Donaldsonville hosts first historical tour

Brandie Richardson @B_lifestyles
Mayor Leroy Sullivan and volunteers at the first Ramble held in Donaldsonville.

The City of Donaldsonville was the host for the Louisiana Trust for Historic Preservation's (LTHP) Fall Ramble on Saturday. Attendees from various areas of Louisiana toured historical sites throughout the city such as The First United Methodist Church, The Church of the Ascension Episcopal Church, Netter Building, The Victorian on the Avenue, the River Road African American Museum, Lowery-Brazier House and Bahry Building.

Though not all sites were able to be toured due to unsafe conditions or renovations, attendees were still able to see the historical aspects of the buildings.

"Within the next five to ten years all of these sites will be preserved and open for tourism because we have a pretty aggressive revitalization we are putting into place here to turn Donaldsonville into the historical jewel that she is," said Lee Melancon, Director of Donaldsonville Downtown Development District.

LTHP hosts two Ramble's each year in different cities throughout Louisiana in order to showcase the culture and architecture of historic cities, and to also promote tourism for the hosts.

Creator of the Ramble, Winnie Byrd, said a ramble has never been held in Donaldsonville and the committee was interested in exploring the city and promoting its history, as it is the third oldest city in the state.

"It's important that we know what's going on with our neighbors, so that we can learn from each ramble and take that information back home and use it in our own communities," Byrd said. "There's so much going on in Donaldsonville now and we are proud of the progress."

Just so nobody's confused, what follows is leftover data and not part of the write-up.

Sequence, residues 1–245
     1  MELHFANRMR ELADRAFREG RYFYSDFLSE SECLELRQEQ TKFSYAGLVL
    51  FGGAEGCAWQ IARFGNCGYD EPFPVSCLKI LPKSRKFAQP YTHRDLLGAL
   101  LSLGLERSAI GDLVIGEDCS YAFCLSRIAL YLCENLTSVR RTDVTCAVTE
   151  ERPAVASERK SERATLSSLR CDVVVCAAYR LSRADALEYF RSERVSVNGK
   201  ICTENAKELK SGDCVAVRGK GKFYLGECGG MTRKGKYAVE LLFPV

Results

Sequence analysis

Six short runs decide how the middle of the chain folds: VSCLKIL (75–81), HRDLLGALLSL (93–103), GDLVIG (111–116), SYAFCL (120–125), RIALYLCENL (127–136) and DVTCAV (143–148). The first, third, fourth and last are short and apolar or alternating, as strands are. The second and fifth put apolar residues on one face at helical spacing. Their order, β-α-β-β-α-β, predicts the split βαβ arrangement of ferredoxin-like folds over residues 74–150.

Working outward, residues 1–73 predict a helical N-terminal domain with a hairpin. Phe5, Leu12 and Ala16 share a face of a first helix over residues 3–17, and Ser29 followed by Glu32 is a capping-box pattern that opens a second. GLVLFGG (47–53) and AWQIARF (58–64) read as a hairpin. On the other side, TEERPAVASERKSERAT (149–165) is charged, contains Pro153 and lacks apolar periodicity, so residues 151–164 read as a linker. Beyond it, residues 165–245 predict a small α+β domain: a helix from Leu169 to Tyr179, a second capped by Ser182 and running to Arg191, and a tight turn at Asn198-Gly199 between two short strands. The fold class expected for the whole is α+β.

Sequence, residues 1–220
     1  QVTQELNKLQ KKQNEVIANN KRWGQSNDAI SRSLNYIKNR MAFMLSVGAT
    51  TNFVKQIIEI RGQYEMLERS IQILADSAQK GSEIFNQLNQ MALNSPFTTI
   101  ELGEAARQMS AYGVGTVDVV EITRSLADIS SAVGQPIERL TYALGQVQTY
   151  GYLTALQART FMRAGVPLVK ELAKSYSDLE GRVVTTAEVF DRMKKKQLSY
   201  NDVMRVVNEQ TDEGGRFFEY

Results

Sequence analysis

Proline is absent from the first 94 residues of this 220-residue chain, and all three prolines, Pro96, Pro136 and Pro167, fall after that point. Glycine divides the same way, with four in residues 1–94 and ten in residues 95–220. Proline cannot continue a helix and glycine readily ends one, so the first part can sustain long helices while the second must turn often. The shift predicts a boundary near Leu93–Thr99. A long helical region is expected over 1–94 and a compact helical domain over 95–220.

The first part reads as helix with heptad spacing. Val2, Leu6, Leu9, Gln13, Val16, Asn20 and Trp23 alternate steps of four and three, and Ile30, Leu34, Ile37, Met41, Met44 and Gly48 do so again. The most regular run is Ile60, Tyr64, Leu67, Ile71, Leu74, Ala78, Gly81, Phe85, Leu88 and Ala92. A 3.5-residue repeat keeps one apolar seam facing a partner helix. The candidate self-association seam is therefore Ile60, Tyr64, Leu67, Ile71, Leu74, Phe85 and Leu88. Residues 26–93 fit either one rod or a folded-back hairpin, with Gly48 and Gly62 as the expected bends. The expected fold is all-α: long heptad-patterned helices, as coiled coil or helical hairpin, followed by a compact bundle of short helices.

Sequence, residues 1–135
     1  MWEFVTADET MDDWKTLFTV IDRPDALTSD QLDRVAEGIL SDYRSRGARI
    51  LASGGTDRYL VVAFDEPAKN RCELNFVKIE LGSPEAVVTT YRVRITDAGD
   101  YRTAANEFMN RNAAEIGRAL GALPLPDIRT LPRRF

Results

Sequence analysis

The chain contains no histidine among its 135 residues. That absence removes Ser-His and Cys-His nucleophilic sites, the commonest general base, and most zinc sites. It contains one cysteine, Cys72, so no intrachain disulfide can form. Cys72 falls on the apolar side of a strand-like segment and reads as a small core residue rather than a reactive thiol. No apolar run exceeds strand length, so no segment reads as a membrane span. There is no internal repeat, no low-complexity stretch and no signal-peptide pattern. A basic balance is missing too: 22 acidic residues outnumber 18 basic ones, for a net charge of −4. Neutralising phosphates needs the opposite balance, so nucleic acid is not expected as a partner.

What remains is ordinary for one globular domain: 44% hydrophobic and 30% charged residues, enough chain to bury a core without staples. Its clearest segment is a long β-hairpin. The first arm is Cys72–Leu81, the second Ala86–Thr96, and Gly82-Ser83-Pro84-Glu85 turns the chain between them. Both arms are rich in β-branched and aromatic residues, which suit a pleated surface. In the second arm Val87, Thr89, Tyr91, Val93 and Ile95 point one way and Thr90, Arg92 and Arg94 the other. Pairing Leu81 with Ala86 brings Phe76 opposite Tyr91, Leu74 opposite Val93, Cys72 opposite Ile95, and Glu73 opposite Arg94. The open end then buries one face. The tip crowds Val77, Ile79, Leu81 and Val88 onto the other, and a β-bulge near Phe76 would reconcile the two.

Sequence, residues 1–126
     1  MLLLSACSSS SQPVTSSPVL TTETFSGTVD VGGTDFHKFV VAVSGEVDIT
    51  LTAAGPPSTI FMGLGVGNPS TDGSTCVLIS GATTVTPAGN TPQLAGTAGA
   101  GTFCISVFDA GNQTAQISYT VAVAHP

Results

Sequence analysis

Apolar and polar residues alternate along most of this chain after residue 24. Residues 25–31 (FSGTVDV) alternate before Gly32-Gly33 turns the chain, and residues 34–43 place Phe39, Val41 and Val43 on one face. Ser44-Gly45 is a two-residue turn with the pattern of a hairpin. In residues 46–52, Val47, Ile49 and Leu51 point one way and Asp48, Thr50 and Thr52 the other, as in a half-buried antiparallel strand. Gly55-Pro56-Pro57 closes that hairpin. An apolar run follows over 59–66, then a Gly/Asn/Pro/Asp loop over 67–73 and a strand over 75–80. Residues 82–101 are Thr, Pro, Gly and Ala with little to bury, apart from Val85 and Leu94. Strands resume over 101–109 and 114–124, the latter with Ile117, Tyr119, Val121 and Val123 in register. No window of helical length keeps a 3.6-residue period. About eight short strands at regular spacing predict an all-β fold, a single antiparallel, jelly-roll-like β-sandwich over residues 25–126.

Donaldsonville resident Felicia Johnson said she thinks events such as the Ramble will be beneficial to drive tourism to the city and show tourists what Donaldsonville has to offer.

"This is a chance for not only the locals to learn more about [Donaldsonville], but others also so they can appreciate this history that we have," Johnson said. "Hopefully we continue on the path to restoring it and keeping it."

The tour not only attracted local residents, but also attendees from other areas in the state who see the importance of historical preservation among landmarks. A group three women, who are Ramble regulars, traveled three hours to visit Donaldsonville's landmarks. The women, who asked yo remain anonymous, said Donaldsonville has a lot to offer, but much work needs to be done first.

"Preservation is a big importance to us and we like to come and see what cities other are offering," saidRae Swent, who owns a plantation in Alexandria. "They have wonderful things to redo here. There are incredible things to work with, that's thereal key, it's all here."